There’s nothing wrong with asking “what do you think?” and soliciting feedback, but there are two important factors to consider.
- What is your purpose in asking for feedback?
- Who are you asking?
When what you need is validation, choose your sources wisely. If I just need to know I’m doing what I should be doing, I go to my mom, but if I want validation as a writer, I go to my innermost circle of critique partners and tell them clearly I’m feeling vulnerable (which is necessary because at this point we take for granted that we all can write and should be).
Asking for validation can be a trap as well. Use it to build up your confidence until validation is less of a need. Yeah, I know, that’s easier said than done. Because I have a high need to have my insecurities soothed, I had to set limits on what and how I ask. I also get as much mileage as possible from off-the-cuff comments that meet that need. In fact, I write them down and refer to them when I feel insecure, which means I seek validation far less frequently.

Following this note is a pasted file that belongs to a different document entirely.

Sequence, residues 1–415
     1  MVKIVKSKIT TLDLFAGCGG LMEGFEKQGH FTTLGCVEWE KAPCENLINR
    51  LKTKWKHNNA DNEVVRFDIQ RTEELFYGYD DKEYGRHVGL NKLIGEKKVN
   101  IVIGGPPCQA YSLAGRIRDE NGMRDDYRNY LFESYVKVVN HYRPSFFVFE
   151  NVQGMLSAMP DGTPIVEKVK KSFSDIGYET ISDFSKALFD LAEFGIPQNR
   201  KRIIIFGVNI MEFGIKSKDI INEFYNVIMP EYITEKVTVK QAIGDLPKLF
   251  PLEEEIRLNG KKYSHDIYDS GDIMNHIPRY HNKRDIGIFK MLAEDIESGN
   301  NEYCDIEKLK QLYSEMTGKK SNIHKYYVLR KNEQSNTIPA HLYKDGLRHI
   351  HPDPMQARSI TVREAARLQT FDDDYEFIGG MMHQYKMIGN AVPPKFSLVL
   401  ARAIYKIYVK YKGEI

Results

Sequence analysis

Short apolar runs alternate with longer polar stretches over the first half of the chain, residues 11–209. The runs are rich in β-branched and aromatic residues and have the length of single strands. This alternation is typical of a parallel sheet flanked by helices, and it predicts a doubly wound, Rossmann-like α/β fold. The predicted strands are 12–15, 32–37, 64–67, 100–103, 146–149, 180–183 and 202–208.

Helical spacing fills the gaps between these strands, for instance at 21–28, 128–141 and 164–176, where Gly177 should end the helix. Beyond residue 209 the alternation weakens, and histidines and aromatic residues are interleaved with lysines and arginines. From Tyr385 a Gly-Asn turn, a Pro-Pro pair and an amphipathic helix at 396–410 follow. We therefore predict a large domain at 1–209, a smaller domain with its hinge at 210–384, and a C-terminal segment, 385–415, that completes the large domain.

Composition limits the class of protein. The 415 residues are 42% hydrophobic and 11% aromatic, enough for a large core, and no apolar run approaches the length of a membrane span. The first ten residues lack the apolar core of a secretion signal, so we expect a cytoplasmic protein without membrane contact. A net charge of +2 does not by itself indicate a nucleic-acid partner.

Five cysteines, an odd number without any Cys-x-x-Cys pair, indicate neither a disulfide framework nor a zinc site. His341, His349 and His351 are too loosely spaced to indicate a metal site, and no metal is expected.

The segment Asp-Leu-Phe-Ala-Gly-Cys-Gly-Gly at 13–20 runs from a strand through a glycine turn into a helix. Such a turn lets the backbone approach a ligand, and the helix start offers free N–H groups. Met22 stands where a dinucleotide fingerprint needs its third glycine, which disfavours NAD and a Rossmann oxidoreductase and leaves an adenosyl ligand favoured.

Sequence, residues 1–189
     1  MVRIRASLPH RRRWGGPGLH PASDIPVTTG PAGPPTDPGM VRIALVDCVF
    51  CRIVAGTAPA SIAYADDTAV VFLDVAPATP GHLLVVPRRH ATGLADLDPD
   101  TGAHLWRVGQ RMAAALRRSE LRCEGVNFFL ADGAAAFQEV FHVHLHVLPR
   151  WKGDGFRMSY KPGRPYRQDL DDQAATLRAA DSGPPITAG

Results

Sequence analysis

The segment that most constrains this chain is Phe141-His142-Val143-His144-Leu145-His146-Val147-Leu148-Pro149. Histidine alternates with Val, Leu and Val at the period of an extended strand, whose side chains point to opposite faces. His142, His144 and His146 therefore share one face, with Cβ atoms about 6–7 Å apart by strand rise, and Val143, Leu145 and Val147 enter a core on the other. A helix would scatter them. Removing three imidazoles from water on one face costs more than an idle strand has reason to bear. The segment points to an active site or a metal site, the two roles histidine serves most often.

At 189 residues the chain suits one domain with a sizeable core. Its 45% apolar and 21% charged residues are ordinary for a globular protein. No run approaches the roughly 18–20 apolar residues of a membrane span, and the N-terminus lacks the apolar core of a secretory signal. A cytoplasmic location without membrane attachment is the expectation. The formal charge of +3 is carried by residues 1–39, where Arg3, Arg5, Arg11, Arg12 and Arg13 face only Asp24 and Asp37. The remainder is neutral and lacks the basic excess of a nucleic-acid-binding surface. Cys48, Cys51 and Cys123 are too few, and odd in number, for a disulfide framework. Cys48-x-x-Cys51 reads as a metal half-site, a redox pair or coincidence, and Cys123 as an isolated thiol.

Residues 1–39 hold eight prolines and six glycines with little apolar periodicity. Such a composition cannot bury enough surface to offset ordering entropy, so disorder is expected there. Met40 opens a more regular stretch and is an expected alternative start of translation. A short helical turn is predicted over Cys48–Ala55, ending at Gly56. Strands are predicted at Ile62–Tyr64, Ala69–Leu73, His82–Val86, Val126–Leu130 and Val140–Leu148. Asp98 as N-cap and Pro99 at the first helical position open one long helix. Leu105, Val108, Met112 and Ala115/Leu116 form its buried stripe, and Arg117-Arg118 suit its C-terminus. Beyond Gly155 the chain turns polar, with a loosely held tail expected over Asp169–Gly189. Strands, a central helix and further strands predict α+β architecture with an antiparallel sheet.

What you don’t want to do is put the fragile writer’s ego in the hands of someone who will treat it harshly. Never put it in the hands of a reviewer, for example, or even your writing idol, who may not treat it tenderly.
Conversely, going to family members who already approve of us can leave us feeling dissatisfied. “Of course mom would say that. She loves me.” In addition, a very insecure writer may not choose to believe what they hear. If you find this is true for you, let’s talk and figure out how to boost your self-confidence and trust.
Ideally, every writer has a trusted alpha reader or two who can look over raw material and give both encouragement and helpful feedback. If you don’t have one, I encourage you to be open to finding one. At the very least, choose one of your beta readers to answer one single question. “Does this have potential?” And possibly a follow up: “What did you like about it?” Stop there. Let them validate you and then get back to work.
For the chronically insecure, the best remedy is a body of work. Because every story is different and pulls at us in unique ways, the more we write, the more belief we have develop that it will work out and we’ll get to the end. In other words, the more we do it, the more we believe we can do it.